The role of religion in the abolitionist movement was significant, particularly in terms of religious views of social justice and the fervor within the evangelical churches to bring salvation to all. All abolitionists, inside or outside of any particular religious movement, viewed the institution of slavery, which was favored in the nation for its economic value and in the Southern states particularly as a result of their dependence on the labor force, as not merely wrong as applied to individuals but as a corrupt institution that was a social evil. Religious supporters of abolition, however, took the social argument further by making the issue of slavery a spiritual and moral issue, and injecting it with religious fervor. Religion played a role both in the philosophical debate and in the physical assistance to slaves and former slaves to escape and live as free individuals.
In terms of the philosophical and theological foundation for opposing slavery, many in organized religion “believed fervently in the equality of men before God [and that] slavery was an ugly blot upon the record of a nation conceived in liberty and destined to become a ray of light in a weary world” (Olmstead, 1960, p. 362). This conviction about the equality of individuals was a foundational underpinning for religious activism and support of the abolitionist movement, while concern for the souls of people served as a strong motivational force. As far as the churches supporting abolition were concerned, all supporters and participants in the institution of slavery were in need of salvation; be it the slaves who were not Christian, the politicians who were placing economic gain over spiritual justice, or Christians who didn’t understand that regardless of their piety in other aspects of their lives, there was a blot on their souls as a result of their complicity with slavery. This combination of theology and evangelistic activism made religion a force for change.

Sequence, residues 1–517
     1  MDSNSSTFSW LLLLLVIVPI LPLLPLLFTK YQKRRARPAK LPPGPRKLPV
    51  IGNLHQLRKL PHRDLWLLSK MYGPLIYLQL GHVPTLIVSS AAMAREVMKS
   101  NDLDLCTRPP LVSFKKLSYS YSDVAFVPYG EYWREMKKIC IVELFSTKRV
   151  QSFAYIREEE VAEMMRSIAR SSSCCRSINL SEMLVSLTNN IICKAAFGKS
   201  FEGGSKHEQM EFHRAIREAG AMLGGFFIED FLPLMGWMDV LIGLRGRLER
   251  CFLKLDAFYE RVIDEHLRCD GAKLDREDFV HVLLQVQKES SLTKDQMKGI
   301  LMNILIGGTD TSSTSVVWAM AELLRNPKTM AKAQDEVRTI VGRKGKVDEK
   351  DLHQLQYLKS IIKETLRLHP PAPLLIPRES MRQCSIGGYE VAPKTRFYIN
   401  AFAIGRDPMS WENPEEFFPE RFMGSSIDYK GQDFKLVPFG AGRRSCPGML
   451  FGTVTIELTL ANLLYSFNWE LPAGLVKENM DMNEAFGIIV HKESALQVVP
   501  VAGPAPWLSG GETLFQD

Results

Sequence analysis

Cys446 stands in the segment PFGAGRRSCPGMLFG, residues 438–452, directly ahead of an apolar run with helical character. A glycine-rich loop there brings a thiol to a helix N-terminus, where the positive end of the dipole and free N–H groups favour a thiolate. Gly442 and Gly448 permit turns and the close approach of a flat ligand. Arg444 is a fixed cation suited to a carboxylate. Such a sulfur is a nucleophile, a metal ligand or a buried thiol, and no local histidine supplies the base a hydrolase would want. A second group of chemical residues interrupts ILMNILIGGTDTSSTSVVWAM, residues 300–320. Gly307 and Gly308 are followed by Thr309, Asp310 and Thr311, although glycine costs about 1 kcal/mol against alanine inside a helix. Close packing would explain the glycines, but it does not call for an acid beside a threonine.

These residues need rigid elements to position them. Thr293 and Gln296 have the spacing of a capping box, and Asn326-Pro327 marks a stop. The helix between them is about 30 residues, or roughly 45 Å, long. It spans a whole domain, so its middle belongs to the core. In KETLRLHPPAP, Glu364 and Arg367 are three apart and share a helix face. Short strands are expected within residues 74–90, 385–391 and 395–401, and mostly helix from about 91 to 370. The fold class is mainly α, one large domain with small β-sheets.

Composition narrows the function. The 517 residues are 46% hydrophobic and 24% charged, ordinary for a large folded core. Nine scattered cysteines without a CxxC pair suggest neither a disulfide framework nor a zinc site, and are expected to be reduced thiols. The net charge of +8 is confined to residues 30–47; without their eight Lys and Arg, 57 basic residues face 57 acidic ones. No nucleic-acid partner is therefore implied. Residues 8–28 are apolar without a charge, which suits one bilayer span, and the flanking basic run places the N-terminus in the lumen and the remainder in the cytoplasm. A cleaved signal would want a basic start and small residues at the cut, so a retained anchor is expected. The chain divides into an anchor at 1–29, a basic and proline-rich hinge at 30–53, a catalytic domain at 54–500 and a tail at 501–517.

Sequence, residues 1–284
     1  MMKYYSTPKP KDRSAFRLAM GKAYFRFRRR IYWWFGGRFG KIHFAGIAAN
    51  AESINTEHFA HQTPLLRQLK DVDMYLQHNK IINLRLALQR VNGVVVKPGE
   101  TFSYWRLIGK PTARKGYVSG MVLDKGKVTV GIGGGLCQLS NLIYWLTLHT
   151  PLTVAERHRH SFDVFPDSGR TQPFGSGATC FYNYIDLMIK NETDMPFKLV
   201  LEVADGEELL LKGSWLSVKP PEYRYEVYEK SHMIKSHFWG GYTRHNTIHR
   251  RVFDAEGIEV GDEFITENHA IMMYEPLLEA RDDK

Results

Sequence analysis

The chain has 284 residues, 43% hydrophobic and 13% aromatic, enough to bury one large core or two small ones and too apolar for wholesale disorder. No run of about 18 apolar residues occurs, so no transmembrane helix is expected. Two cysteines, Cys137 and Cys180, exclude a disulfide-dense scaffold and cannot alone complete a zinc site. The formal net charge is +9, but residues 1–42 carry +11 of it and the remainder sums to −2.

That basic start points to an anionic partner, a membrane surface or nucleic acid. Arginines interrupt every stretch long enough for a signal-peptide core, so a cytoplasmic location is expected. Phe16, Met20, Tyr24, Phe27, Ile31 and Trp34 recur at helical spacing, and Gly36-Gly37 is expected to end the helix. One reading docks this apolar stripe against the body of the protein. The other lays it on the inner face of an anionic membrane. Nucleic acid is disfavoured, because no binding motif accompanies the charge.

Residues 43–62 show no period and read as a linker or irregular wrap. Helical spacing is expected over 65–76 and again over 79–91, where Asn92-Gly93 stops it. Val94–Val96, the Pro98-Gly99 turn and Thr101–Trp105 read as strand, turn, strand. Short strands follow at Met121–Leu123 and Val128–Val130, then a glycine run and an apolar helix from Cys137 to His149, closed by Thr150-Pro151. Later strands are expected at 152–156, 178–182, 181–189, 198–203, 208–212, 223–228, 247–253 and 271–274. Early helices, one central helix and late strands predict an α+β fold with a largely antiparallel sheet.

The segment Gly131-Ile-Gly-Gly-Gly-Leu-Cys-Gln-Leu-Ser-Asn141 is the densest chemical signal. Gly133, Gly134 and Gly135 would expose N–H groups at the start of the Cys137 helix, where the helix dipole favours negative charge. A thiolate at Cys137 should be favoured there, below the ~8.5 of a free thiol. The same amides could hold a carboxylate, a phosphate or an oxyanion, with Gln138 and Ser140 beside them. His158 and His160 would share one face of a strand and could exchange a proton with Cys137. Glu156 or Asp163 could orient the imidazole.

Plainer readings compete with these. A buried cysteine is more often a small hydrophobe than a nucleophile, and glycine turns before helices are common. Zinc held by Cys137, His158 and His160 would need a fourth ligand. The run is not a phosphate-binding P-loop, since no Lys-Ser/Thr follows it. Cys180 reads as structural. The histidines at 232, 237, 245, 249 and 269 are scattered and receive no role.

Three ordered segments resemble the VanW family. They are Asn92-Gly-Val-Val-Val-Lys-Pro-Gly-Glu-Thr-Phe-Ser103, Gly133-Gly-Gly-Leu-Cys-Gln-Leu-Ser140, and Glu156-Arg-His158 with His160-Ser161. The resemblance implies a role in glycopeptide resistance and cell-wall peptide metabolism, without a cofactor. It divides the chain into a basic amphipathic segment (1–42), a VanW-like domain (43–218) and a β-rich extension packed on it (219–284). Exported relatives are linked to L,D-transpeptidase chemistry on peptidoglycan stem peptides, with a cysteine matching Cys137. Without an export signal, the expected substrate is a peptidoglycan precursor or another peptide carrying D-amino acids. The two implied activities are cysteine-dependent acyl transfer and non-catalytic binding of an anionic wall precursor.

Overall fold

In terms of physical assistance and participation in the abolitionist movement, religion was a player as well. Former slaves were often given sanctuary in churches, many abolitionist meetings and lectures were held in churches, and former slaves coming up through the Underground Railroad were given aid and shelter. In one specific instance, as noted in Strother (1962), Dr. Samuel Osgood, who was the pastor of a Congregational church, befriended one such former slave, James, and found him work as a shoemaker as well as enrolling him in a primary school. After James completed his studies, this former slave became an effective abolitionist by making tours and giving lectures throughout southern New England (p. 59).
Religion’s role in the abolitionist movement was both static and dynamic. While not all churches supported the idea (there were several denominational splits during the era), those that did stood on a solid foundation of theology and ideology; all persons should be equal and free. They infused this stance with evangelical fervor as well as the willingness to active participants by giving aid and material support to escaping slaves, allowing their facilities to be used for abolitionist lectures and leaflets, and striving to demonstrate the social evil of slavery as something to be abandoned. Though not all religions agreed on the issue, there is no doubt that religion played a positive role in the abolitionist movement.
Maier, P., Smith, M.R., Keyssos, A., & Kevles, D.J. (2003). Inventing America: A History of the United States (Vol. One). New York: W.W. Norton & Co.
Olmstead, C.E. (1960). History of Religion in the United States. Englewood Cliffs, NJ: Prentice-Hall.
Strother, H.T. (1962). The Underground Railroad in Connecticut. Middletown, CT: Wesleyan University Press.